Thursday, June 04, 2015

Next Week in Tickets: Films playing Boston 5 June 2015 - 11 June 2015

Back in Boston, looking to catch up on some things and look in on others.

  • The Coolidge Corner Theatre is among several theaters opening Love & Mercy, a biography of Beach Boys songwriter Brian Wilson, which has Paul Dano playing him as a young man and John Cusack playing him later in life, with Paul Giamatti and Elizabeth Banks as people involved with his psychological care. It's at the Coolidge, West Newton, Kendall Square, Boston Common, and Revere.

    The other opening is The Nightmare, a sort of combined documentary and horror movie about sleep paralysis from the director of Room 237 - it plays at midnight in screen #2 on Friday and Saturday before moving to the GoldScreen for 9:30pm shows from Sunday to Thursday. The other midnight show on Friday & Saturday is a 35mm print of Heavy Weights, part of their annual summer camp series. They'll also have a 35mm screening of Wild Style, the first hip-hop feature featuring grafitti artist Lee Quinones, Fab 5 Freddy, and other artists from the early days of New York rap, with director Charlie Ahearn on hand for a Q&A as part of their Cinema Jukebox program. There's also Open Screen on Tuesday, and a "Wine & Film" presentation of Eric Rohmer's Autumn Tale.
  • The Entourage movie got a jump-start on the weekend, opening at the Somerville, Apple Fresh Pond, the Embassy, Fenway, Boston Common, Assembly Row, Revere, and the SuperLux. The other big-deal comedy opening this weekend is Spy, featuring Melissa McCarthy as a CIA desk jockey suddenly thrust out into the field, with an interesting supporting cast of Rose Byrne, Jason Statham, and Jude Law. We don't see outright-funny Jason Statham often enough. It's at the Capitol, Apple Fresh Pond, the Embassy, Fenway (including RPX), Boston Common, Assembly Row, and Revere.

    Those opting for something scary can choose Insidious 3, a prequel to the other two movies which has co-writer Leigh Whannell taking over as director. It's at Apple Fresh Pond, Fenway, Boston Common, Assembly Row, and Revere.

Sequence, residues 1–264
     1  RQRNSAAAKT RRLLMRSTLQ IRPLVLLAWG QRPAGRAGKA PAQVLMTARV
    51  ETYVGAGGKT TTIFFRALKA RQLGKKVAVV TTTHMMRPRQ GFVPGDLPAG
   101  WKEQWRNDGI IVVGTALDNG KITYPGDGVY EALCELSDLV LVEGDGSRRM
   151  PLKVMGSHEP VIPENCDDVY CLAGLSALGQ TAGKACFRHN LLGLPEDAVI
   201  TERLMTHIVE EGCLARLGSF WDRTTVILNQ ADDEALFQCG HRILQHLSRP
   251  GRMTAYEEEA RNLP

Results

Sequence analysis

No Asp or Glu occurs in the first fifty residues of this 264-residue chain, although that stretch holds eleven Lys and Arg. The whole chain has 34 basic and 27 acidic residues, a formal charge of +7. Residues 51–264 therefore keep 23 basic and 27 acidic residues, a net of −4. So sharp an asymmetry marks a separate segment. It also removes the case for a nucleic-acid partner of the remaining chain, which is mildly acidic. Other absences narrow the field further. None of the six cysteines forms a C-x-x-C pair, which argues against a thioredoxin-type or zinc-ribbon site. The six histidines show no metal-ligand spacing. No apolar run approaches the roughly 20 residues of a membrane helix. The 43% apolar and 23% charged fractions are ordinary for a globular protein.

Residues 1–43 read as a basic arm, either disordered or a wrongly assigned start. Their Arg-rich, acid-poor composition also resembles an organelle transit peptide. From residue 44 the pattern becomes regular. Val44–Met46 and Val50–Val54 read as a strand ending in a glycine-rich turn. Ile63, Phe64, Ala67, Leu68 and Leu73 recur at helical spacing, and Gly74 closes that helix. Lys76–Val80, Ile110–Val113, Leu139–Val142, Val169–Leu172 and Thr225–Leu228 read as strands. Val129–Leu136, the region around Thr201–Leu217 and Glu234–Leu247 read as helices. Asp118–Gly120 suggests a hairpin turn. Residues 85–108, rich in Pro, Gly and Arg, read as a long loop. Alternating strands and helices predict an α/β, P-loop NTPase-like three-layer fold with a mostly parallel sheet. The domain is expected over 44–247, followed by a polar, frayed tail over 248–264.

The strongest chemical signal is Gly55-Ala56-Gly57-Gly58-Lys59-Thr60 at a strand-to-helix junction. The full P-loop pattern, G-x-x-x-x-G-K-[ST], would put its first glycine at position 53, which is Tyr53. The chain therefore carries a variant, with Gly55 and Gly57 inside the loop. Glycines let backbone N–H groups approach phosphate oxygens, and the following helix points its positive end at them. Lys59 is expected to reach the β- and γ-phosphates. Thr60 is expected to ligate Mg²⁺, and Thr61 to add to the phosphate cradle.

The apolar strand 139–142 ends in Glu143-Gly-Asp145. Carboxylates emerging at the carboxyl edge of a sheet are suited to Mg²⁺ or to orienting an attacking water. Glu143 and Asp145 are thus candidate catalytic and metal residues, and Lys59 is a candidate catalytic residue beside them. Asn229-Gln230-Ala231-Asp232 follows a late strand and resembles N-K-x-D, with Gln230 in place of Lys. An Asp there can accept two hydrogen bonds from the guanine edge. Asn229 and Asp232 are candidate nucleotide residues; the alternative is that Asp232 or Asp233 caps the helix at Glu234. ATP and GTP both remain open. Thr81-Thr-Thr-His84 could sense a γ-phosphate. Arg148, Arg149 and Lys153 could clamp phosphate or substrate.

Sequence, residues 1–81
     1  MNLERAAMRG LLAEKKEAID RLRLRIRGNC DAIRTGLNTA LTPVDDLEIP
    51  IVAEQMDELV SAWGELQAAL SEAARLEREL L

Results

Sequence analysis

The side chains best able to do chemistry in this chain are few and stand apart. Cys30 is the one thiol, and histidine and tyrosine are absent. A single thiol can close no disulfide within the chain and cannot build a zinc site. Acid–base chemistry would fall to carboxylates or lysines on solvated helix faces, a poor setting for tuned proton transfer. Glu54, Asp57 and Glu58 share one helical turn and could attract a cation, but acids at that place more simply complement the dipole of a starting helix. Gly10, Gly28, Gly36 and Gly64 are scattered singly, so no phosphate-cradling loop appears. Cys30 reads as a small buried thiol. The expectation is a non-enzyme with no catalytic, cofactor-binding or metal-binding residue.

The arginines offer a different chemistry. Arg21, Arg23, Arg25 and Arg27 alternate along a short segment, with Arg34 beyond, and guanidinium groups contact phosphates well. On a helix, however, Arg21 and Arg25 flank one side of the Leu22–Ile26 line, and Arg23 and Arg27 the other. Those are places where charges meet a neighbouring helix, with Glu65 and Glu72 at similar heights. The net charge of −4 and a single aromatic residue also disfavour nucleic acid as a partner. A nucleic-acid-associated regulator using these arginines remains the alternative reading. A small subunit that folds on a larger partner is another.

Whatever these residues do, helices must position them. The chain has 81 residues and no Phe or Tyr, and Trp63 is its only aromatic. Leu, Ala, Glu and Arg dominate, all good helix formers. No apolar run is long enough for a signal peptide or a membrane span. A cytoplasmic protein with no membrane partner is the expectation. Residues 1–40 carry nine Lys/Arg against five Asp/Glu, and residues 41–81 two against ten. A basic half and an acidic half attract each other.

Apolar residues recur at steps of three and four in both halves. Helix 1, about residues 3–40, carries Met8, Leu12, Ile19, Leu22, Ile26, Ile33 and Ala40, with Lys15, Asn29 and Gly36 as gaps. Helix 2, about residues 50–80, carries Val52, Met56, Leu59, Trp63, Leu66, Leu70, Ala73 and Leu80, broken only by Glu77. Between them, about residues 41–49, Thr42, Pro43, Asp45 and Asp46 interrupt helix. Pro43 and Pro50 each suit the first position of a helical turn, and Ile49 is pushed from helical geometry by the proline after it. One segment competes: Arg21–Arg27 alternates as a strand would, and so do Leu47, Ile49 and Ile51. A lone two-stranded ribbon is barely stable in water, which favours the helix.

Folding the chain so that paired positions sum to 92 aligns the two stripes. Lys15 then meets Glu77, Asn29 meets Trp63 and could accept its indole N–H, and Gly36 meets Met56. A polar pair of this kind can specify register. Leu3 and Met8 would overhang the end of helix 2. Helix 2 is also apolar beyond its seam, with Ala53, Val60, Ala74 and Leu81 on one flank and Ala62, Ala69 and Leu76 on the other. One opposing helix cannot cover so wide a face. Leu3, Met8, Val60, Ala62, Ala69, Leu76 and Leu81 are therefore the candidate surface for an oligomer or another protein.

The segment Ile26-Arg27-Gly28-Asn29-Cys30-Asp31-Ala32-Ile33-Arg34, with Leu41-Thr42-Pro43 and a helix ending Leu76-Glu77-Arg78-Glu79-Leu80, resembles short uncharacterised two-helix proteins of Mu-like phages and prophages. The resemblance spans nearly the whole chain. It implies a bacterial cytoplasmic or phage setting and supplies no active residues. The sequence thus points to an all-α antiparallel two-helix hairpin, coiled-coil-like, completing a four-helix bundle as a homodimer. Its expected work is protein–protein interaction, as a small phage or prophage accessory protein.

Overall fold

• In addition to Love & Mercy, Kendall Square has a couple more things worth catching, and it may be worth making sure you catch the right show. When Marnie Was There, for instance, will be screening in both an English-dubbed version (11:10am, 1:55pm, and 7:10pm) and in the original Japanese with subtiltes (4:25pm and 9:40pm). It is quite possibly Studio Ghibli's final film - nothing else is in production - and only booked for one week.

    They also get the new Andrew Bujalski film (and IFFBoston alum) Results, with Kevin Corrigan as a nouveau riche slacker who finds himself tangled up with dueling athletic trainers played by Guy Pearce and Cobie Smulders. Producers Paul Bernon and Sam Slater will be there for the 7:05pm show on Friday.
  • Felix and Meira ended its one-week booking at Kendall Square on Thursday, but gets a couple of shows per day at The West Newton Cinema
  • Bollywood's Dil Dhadakne Do opens at both Apple Cinemas Fresh Pond/iMovieCafe and Fenway; it's got an impressive cast - Anil Kapoor, Priyanka Chopra, Ranveer Singh, among others. I am reasonably sure that one plays with English subtitles; less so about Unfreedom, a terrorist thriller split between New York and New Delhi.
  • The Brattle Theatre anchors a Sunshine Noir series with Paul Thomas Anderson's Inherent Vice, an exceptonally entertaining Thomas Pynchon adaptation starring Joaquin Phoenix that plays Friday to Sunday. Oddly, it's the only thing in the series not on 35mm, as opposed to double-feature-mates The Big Lebowski (Saturday), Robert Altman's The Long Goodbye, Monday night's Harper, Tuesday's The Oustide Man and Repo Man (single features), Wednesday's Chinatown, and the Thursday night QT double feature of Jackie Brown & True Romance.

    The "Reel Weird Brattle: Class of 1990" show on Saturday night is The Spirit of '76, a time-travel comedy widely considered interesting but not very good. It's also on 35mm
  • Speaking of Robert Altman films playing in 35mm the Harvard Film Archive begins a retrospective on Friday with Nashville, followed by Kansas City at 9pm Saturday and Short Cuts on Monday. The also start the summer's other major retrospective, this one focused upon Italy's Titanus Studio; the first three entries being The Fianc├ęs (Saturday 7pm), Days of Glory (Sunday 5pm), and Violent Summer (Sunday 7pm).
  • The Somerville Theatre has their monthly silent-film presentation at 2pm on Sunday, a 35mm deep-dive double feature of Play Safe and Show People. The latter is the more prominent, directed by King Vidor with Marion Davies and William Haines.
  • The Museum of Fine Arts will begin a series of The Films of Roy Andersson on Wednesday with Songs from the Second Floor. It also plays Thursday, as does You, the Living. They play in advance of his new, much-lauded film A Pigeon Sat on a Branch Reflecting on Existence, which opens next Friday (the 12th).
  • The Regent Theatre has two film events this week: Sunday night they premiere locally-made comedy DJ Stan Da Man, with Chace Carson as a one time king of the clubs now reduced to the wedding business. Then on Tuesday, Goodbye Gauley Mountain: An Ecosexual Love Story with guest speaker Abe Ryneck.


Spy, Love & Mercy, and When Marnie Was Here look to be the new releases worth catching; I've also got San Andreas and Aloha to catch up with. The Sunshine Noir and Altman series merit a drop-in, as well.

No comments: